Jun 15, 2009

What Causes a Plane to Crash?

With the crash of Air France flight 447 still fresh in many of our minds, I thought it was a coincidence that an entire chapter of Malcolm Gladwell's Outliers: The Story of Success (an audiobook I'm currently listening to) would be devoted to discuss plane crashes.

The chapter investigates the causes behind the Avianca flight 52 crash and here are some interesting points that were discussed:

Plane crashes are more likely to be a result of an accumulation of minor malfunctions and extenuating circumstances. Characteristics of a typical crash include:
  • Poor weather (causing a little more stress than usual)
  • Planes are behind schedule (causing pilots to be rushed)
  • The pilot has been awake for over 12 hours (meaning the pilot is tired)
  • In 44% of crashes the two pilots have never flown together before (communication difficulties)

Crashes are usually not a result of problems in knowledge or flying skills. The kinds of errors that do lead to crashes are almost invariably errors of teamwork and communication. Is this beginning to sound familiar to anyone? The health care lights were definitely flashing in my mind!

What led to the Avianca crash was a series of crucial misunderstandings. Communication between the flight crew and air traffic control and communication between the captain and first officer was not clear and effective. In the chapter, Gladwell highlights excerpts of the black box transcripts. The conversations that took place just minutes before the crash are disturbingly calm and ambiguous. There was no sense of urgency or emergency, until it was too late. There were several apparent examples of mitigated speech, communicating in deference to higher authorities.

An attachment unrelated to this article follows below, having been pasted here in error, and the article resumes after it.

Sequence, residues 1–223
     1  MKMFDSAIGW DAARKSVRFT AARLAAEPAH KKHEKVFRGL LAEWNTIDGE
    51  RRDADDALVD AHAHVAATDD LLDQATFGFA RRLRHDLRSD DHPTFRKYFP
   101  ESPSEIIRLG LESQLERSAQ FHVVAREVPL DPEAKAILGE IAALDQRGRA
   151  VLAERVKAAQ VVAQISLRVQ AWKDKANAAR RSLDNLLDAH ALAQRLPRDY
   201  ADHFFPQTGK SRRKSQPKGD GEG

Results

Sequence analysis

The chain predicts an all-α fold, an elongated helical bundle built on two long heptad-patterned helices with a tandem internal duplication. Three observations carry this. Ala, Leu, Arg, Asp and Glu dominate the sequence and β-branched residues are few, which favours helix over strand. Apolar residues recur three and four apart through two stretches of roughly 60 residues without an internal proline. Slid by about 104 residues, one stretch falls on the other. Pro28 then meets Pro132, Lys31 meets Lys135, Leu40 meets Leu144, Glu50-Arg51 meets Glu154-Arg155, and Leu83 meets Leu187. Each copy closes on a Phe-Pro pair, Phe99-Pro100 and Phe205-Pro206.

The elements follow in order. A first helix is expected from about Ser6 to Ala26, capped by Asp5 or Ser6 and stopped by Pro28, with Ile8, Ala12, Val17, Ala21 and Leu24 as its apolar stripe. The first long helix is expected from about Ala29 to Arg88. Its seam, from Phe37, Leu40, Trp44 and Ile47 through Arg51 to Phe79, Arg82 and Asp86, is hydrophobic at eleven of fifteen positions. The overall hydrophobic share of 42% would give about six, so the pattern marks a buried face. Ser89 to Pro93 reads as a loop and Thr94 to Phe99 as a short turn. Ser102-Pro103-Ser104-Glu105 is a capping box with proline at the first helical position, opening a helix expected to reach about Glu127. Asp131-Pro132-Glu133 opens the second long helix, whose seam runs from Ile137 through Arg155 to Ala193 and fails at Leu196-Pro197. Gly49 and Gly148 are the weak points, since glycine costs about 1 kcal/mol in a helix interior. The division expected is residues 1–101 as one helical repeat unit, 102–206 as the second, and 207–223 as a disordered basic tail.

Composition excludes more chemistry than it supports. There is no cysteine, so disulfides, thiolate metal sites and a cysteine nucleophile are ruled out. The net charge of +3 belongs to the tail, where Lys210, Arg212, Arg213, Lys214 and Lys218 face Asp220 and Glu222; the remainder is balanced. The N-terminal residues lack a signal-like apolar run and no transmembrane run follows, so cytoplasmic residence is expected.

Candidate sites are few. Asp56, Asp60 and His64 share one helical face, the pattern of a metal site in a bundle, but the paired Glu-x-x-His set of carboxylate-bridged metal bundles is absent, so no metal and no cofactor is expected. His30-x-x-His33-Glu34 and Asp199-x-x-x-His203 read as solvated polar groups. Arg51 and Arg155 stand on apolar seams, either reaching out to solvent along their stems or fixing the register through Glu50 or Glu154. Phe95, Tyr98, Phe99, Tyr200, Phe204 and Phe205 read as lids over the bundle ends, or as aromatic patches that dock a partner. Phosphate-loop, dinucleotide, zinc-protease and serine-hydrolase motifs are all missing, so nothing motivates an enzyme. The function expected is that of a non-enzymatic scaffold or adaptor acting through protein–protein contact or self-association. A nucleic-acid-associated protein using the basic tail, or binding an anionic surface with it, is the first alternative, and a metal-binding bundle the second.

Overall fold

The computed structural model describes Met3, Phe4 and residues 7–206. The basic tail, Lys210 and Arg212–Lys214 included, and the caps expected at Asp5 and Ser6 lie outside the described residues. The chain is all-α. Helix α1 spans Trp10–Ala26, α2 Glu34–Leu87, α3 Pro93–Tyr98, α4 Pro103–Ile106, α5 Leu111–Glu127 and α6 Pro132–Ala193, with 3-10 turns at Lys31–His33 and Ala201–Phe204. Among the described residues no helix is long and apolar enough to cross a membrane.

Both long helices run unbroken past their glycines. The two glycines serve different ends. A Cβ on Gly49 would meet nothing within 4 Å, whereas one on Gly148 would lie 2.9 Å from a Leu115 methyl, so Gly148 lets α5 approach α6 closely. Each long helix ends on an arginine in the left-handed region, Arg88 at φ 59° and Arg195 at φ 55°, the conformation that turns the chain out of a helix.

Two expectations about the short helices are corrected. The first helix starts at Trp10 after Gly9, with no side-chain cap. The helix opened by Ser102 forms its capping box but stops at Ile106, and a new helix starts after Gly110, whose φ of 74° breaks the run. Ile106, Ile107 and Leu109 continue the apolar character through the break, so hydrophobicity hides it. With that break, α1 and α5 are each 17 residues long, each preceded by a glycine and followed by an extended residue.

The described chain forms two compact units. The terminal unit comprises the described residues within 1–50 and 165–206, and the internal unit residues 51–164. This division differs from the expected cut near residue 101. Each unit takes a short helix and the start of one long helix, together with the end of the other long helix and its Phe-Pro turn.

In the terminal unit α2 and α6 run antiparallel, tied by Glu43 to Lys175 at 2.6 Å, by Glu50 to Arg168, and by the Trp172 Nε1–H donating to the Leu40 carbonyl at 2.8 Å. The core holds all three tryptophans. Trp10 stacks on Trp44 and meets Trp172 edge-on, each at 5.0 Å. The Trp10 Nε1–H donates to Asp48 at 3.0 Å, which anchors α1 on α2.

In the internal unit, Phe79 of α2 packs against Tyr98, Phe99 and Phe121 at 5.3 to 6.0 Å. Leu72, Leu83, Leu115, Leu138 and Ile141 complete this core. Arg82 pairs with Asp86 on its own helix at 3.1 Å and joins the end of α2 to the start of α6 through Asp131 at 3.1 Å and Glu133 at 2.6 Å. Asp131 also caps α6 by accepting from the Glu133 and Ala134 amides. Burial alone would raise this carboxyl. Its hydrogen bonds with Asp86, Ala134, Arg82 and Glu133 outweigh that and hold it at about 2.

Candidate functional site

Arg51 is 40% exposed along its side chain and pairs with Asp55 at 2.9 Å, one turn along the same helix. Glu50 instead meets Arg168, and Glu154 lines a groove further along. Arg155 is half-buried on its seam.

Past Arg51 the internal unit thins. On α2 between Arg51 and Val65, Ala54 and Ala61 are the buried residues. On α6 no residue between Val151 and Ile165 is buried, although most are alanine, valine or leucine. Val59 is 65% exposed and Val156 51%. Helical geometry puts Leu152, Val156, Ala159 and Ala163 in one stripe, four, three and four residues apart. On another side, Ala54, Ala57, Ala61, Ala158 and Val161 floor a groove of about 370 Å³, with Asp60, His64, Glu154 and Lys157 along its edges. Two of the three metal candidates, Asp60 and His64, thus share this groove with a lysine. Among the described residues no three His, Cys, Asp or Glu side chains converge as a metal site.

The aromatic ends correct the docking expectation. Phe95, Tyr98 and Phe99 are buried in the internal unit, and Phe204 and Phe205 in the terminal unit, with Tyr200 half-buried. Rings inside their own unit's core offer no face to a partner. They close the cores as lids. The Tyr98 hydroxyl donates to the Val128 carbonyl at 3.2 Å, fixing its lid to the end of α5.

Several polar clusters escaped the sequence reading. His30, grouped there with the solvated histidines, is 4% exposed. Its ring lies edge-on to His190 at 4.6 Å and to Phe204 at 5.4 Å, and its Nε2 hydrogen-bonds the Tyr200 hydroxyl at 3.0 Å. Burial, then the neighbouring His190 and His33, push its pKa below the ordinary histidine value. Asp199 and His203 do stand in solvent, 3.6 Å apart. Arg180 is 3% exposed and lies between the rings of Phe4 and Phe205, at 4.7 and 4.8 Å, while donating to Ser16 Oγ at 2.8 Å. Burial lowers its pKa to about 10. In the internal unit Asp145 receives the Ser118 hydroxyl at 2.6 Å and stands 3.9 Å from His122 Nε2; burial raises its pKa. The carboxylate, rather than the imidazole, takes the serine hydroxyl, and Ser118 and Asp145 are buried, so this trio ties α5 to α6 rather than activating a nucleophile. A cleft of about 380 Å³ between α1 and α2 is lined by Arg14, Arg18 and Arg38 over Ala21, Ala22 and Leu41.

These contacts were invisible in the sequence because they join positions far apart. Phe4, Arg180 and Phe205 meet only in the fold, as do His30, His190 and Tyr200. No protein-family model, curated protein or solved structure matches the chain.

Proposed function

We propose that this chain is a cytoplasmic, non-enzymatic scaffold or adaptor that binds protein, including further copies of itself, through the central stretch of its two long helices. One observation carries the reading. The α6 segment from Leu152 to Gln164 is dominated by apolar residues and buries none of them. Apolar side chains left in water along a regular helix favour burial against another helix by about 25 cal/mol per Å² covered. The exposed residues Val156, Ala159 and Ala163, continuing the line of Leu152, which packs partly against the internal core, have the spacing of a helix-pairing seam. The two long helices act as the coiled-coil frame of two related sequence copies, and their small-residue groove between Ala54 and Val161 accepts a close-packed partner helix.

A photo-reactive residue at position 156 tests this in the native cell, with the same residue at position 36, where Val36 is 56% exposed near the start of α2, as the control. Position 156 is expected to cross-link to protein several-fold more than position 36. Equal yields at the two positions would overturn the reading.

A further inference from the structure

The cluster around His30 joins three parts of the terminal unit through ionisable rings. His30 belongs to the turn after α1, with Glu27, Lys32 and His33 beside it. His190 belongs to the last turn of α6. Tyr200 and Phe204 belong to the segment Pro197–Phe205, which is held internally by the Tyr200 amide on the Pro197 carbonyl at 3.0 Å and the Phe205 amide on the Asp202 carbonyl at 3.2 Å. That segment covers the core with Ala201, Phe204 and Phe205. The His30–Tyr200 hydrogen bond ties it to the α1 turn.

The conclusion Gladwell comes to is a result of human factors research. Successful flights often require skills that fall out of the normal piloting skill set to include the ability to communicate and share information in the clearest most transparent way possible.

The lessons of the Avianca crash extend beyond aviation. Good medicine also requires effective communication. Doctors, patients, nurses, pharmacists, residents, and health professions students all could use a good lesson in communication, so that medical errors are caught and resolved, processes improved, and most importantly, lives are saved.

If you haven't read Outliers yet, here's a good health care reason to do so!

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